The Type of Chip and the Grease Factor – Discussing buying chips Image Credit: BananaStock/BananaStock/Getty Images Potato chips vary in grease content according to the type of chip. In its most rudimentary form, a potato chip is a super-thin slice of potato deep-fried in oil. However, the modern snack food market has redefined potato chips to have a wide range of meanings.
Now, there are regular, kettle-cooked, baked and air-popped potato chips, as well as potato crisps. These potato chips all have varied amounts of grease depending on the cooking methods. Ostensibly, baked and air-popped chips should have the least amount of grease, with regular and kettle chips having the most.
There are also differences between mass-produced and small-batch “gourmet” varieties. Finding out the amount requires some experimenting.
Why are potato chips so greasy?
A greasy science project from Science Buddies What’s in your snack? Unleash the hidden grease in potato chips to find out. Graph fat the content to see where your chips fall-and decide if “low-fat” chips are all that they’re cracked up to be! Credit: George Retseck
Are Pringles worse than chips?
February 16, 2012 / 11:06 AM / CBS News AP (CBS) Pringles, the popular chips, are in the news today after cereal giant Kellogg announced a $2.7 billion deal to purchase the brand known for chips in a can, CBS Moneywatch reported. That got us at HealthPop wondering: What exactly is in the popular chip that’s different from all other chips? Is one kind healthier than the other? PICTURES: Yuck! 25 surprisingly salty processed foods Pringles Original contains 150 calories in a 14-chip serving, along with 9 grams of fat, 2.5 grams of Saturated Fat, 160 milligrams of sodium, 15 grams of carbohydrates, and 1 gram of fiber, according to the nutrition facts on the company website.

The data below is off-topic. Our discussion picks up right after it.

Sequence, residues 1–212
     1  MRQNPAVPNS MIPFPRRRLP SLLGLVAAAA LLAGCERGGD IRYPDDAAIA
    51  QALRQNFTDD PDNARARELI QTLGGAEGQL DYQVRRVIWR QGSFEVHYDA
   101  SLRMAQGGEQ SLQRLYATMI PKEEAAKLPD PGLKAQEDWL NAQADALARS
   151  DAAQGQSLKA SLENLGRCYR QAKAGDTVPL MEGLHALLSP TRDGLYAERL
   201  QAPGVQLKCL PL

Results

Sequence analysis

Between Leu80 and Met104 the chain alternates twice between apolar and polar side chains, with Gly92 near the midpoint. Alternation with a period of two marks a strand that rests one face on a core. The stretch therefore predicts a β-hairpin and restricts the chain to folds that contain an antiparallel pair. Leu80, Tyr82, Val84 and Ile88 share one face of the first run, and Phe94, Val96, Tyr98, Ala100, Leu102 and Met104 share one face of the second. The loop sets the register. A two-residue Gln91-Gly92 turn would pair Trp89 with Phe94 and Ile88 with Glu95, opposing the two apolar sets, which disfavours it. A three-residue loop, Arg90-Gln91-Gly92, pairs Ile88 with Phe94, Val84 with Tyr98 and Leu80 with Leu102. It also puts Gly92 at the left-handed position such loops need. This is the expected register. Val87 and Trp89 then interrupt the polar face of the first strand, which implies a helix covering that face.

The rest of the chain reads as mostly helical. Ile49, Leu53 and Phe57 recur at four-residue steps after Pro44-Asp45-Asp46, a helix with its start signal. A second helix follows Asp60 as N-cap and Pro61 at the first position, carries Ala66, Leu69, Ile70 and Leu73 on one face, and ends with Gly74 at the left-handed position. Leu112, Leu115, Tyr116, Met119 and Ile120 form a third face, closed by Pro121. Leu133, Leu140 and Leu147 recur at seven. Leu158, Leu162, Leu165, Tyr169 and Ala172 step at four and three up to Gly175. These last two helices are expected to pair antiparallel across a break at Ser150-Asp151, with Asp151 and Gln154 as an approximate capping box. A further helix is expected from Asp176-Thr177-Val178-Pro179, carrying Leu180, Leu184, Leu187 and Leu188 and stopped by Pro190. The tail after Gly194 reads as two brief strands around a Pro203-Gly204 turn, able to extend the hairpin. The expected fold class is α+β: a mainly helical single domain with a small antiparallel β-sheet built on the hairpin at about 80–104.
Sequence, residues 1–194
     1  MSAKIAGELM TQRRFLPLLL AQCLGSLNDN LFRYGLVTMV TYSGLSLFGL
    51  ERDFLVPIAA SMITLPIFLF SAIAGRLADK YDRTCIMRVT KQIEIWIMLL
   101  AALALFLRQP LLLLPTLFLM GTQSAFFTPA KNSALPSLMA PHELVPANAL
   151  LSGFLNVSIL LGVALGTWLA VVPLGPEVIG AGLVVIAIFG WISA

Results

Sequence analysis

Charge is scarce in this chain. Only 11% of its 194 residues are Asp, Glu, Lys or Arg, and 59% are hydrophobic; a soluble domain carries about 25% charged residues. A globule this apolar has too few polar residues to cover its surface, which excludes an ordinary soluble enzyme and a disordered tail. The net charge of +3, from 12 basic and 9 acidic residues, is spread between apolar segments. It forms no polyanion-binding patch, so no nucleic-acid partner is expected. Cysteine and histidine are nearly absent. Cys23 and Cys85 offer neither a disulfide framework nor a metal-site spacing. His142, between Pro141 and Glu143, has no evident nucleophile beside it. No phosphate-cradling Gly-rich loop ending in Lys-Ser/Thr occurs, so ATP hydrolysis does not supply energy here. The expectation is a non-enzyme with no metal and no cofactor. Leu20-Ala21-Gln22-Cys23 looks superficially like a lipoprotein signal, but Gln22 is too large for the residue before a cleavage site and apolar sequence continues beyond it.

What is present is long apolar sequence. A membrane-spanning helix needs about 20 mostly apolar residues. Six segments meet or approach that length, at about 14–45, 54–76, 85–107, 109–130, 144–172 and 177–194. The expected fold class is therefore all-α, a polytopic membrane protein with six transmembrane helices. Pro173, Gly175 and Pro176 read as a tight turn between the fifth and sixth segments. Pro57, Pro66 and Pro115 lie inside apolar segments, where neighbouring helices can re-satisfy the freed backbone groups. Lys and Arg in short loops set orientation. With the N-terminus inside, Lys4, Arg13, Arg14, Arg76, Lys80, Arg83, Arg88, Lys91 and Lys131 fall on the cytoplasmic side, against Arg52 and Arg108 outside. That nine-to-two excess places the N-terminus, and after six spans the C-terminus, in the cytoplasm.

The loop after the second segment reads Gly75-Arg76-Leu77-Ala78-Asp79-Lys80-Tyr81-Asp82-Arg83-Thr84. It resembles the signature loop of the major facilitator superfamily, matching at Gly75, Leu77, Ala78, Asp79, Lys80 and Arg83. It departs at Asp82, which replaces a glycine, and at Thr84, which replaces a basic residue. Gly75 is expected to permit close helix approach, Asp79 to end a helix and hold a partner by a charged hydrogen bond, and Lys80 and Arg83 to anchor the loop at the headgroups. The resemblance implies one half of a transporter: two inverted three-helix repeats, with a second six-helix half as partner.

For comparison’s sake – as has been the case for many commercials over the years – Lay’s Classic potato chips contain 160 calories in a 15-chip serving, 10 grams of fat, 1 gram of saturated fat, 170 milligrams of sodium, 1 gram of fiber, and 15 grams of carbohydrates. Miriam Pappo, director of clinical nutrition at Montefiore Medical Center, tells HealthPop, “When you look at the actual nutrition facts label, they appear the same as a regular potato chip.” “But there’s more to it,” she says.
Pappo says Pringles are only 42 percent actual potatoes, and the rest is a combination of wheat starch and different types of flours. She said other kinds of potato chips on the market, like kettle chips, are comprised of potatoes, the oil they’re fried in, and salt.
She gives kettle chips the nutritional edge to most other kinds of potato chips because they are high in healthier kind of fat, monounsaturated oils. Nancy Copperman, director of public health initiatives at North Shore – LIJ Health System in Great Neck, N.Y., says that both potato chips and Pringles aren’t exactly healthy, but Pringles contain 2.5 times more saturated fat per serving, a worse type of fat.